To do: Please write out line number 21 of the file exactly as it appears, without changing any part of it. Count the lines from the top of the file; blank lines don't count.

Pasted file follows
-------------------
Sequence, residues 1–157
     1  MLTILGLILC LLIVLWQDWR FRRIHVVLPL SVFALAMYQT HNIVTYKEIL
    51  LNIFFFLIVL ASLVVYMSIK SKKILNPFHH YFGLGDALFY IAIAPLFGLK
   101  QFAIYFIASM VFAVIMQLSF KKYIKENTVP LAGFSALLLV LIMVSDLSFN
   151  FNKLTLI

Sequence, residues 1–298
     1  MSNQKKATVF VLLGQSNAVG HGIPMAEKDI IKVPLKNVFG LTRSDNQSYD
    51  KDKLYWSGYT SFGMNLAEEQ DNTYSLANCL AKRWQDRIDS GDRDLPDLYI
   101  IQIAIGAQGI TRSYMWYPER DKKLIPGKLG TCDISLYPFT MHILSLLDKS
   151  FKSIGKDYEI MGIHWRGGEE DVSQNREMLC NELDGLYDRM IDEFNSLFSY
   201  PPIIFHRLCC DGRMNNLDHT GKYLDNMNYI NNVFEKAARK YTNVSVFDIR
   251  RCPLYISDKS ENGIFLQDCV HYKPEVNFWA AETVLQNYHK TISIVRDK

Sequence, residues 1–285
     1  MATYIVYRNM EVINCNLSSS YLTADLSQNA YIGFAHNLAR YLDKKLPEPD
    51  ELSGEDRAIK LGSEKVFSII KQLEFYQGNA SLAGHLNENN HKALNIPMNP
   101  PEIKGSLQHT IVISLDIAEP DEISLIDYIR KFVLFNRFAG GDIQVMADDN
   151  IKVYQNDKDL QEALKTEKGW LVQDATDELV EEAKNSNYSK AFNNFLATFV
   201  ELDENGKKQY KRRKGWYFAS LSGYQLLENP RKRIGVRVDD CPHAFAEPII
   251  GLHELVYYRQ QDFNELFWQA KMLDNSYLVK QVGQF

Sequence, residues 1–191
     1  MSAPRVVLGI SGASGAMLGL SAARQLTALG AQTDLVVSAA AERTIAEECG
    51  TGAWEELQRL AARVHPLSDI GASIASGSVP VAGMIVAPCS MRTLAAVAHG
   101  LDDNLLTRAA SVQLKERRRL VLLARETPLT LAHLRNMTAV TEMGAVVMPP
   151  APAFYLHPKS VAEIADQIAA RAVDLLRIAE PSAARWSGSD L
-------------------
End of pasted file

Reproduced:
     1  MSAPRVVLGI SGASGAMLGL SAARQLTALG AQTDLVVSAA AERTIAEECG